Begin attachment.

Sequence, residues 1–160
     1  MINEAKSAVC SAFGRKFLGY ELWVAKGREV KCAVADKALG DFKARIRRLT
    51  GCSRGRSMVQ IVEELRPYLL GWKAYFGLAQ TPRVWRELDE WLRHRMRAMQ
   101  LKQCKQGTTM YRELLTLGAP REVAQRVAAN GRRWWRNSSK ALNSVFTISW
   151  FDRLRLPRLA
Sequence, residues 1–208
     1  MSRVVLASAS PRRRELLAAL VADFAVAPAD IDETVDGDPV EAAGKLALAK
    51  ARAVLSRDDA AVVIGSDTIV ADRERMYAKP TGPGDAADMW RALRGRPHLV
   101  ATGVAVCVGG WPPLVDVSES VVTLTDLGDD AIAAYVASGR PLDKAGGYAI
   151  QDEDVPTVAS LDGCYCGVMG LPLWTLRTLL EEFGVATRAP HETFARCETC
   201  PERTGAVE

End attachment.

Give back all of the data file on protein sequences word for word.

Sequence, residues 1–160
     1  MINEAKSAVC SAFGRKFLGY ELWVAKGREV KCAVADKALG DFKARIRRLT
    51  GCSRGRSMVQ IVEELRPYLL GWKAYFGLAQ TPRVWRELDE WLRHRMRAMQ
   101  LKQCKQGTTM YRELLTLGAP REVAQRVAAN GRRWWRNSSK ALNSVFTISW
   151  FDRLRLPRLA
Sequence, residues 1–208
     1  MSRVVLASAS PRRRELLAAL VADFAVAPAD IDETVDGDPV EAAGKLALAK
    51  ARAVLSRDDA AVVIGSDTIV ADRERMYAKP TGPGDAADMW RALRGRPHLV
   101  ATGVAVCVGG WPPLVDVSES VVTLTDLGDD AIAAYVASGR PLDKAGGYAI
   151  QDEDVPTVAS LDGCYCGVMG LPLWTLRTLL EEFGVATRAP HETFARCETC
   201  PERTGAVE